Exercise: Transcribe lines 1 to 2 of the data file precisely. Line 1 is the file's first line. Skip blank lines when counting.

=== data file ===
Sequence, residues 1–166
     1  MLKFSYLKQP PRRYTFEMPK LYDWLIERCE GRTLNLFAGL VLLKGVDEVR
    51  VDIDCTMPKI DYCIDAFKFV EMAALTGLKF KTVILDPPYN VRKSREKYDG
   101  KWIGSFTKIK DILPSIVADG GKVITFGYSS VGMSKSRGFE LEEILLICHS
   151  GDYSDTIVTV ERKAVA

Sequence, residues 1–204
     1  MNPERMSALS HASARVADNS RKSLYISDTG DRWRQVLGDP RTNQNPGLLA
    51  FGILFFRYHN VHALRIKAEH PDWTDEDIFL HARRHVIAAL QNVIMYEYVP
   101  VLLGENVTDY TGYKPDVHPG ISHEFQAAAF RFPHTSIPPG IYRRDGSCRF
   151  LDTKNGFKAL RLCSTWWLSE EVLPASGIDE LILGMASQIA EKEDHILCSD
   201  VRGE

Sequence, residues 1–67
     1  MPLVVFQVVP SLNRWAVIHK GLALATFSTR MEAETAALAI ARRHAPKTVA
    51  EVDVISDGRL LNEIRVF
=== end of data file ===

Sequence, residues 1–166
     1  MLKFSYLKQP PRRYTFEMPK LYDWLIERCE GRTLNLFAGL VLLKGVDEVR